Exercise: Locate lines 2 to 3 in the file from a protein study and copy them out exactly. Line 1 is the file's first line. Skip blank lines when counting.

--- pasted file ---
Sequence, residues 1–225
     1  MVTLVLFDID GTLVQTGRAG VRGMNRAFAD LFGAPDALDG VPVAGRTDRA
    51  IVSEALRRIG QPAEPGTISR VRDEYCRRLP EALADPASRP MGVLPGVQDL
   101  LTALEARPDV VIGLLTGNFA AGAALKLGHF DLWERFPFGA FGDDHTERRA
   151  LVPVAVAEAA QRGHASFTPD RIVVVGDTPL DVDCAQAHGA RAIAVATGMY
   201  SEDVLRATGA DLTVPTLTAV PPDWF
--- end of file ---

     1  MVTLVLFDID GTLVQTGRAG VRGMNRAFAD LFGAPDALDG VPVAGRTDRA
    51  IVSEALRRIG QPAEPGTISR VRDEYCRRLP EALADPASRP MGVLPGVQDL